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Said mildly, author of all this thou seest
Sternly he pronounc'd
Not hither summon'd, since they cannot change
O by what name, for thou above all these,
What call'st thou Solitude ? is not the Earth With various living creatures, and the air 370 Replenish’d, and all these at thy command To come and play before thee ? know'st thou not Their language and their ways ? they also know, And reason not contemptibly; with these Find pastime, and bear rule ; thy realm is large. So spake the universal Lord, and seem'd
So ord'ring. I with leave of speech implor'd,
Let not my words offend thee, heav'nly Power;
390 All rational delight, wherein the brute Cannot be human consort; they rejoice Each with their kind, lion with lioness; So fitly them in pairs thou hast combin'd; Much less can bird with beast, or fish with fowl So well converse, nor with the ox the ape ; Worse then can man with beast, and least of all.
Whereto th’ Almighty answer'd not displeas'd : A nice and subtle happiness I see Thou to thyself proposest, in the choice 400 Ofthy associates, Adam, and wilt taste No pleasure, though in pleasure, solitary. What think'st thou then of me, and this my
state? Seem I to thee sufficiently possess’d Of happiness, or not? who am alone From all eternity, for none I know
Second to me or like, equal much less.
410 Beneath what other creatures are to thee ?
He ceas’d, I lowly answer’d : to attain The heighth and depth of thy eternal ways All human thoughts come short, Supreme of things; Thou in thyself art perfect, and in thee Is no deficience found : not so is man, But in degree the cause of his desire By conversation with his like to help, Or solace his defects. No need that thou Shouldst propagate, already infinite,
420 And through all numbers absolute, though one ; But man by number is to manifest His single imperfection, and beget Like of his like, his image multiply'd, In unity defective, which requires Collateral love, and dearest amity. Thou in thy secrecy although alone, Best with thyself accompanied, seek'st not Social communication, yet so pleas’d, Canst raise thy creature to what heighth thou wilt Of union or communion, deify'd;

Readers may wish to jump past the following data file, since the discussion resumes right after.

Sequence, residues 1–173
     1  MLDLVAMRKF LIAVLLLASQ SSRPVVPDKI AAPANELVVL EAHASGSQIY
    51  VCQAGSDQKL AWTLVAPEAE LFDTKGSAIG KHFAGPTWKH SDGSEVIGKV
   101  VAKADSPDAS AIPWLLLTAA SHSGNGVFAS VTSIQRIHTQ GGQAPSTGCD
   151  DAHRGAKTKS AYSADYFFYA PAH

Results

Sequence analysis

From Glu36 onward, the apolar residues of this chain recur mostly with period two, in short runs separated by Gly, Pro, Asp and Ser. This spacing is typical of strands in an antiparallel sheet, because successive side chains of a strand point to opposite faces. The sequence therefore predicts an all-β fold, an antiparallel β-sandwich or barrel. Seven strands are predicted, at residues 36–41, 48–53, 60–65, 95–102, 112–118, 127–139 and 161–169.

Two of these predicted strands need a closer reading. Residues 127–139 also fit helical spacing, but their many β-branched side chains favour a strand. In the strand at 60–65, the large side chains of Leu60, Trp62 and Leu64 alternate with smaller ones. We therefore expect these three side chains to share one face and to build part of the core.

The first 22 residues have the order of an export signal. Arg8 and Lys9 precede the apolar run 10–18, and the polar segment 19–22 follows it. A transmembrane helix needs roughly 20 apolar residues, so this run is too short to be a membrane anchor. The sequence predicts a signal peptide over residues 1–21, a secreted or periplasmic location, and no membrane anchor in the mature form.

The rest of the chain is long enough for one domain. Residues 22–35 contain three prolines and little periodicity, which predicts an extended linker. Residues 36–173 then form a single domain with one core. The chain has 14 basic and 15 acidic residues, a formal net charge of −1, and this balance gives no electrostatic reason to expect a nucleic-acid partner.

431 I by conversing cannot these erect From prone, nor in their ways complacence find. Thus I embolden'd spake, and freedom us’d Permissive, and acceptance found, which gain’d This answer from the gracious voice divine :
Thus far to try thee, Adam, I was pleas’d, And find thee knowing not of beasts alone, Which thou had rightly nam’d, bur of thyself, Expressing well the spi'rit within thee free, 440 My image, not imparted to the brute, Whose fellowship therefore unmeet for thee Good reason was thou freely should'st dislike And be so minded still; I, ere thou spak’st, Knew it not good for min to be alone, And no such company as then thou saw'st Intended thee, for trial only brought, To see how thou could'st judge of fit and meet ; What next I bring shall please thee, be assurd, Thy likeness, thy fit help, thy other self, 450 Thy wish exactly to thy heart's desire.
He ended, or I heard no more, My earthly by his heav'nly overpower’d, Which it had long stood under, strain’d to th'
hcighth In that celestial colloquy sublime, As with an object that excels the sense Dazzled and spent, sunk down, and sought repair Of Sleep, which instantly fell on me, callid By Nature as in aid, and clos'd mine eyes. Mine eyes he clos'd, but
left the cell 460 Of fancy, my internal sight, by which Abstract as in a trance methought I saw, Though sleeping, where I lay, and saw the shape Still glorious before whom awake I stood: Who stooping open'd ny left side, and took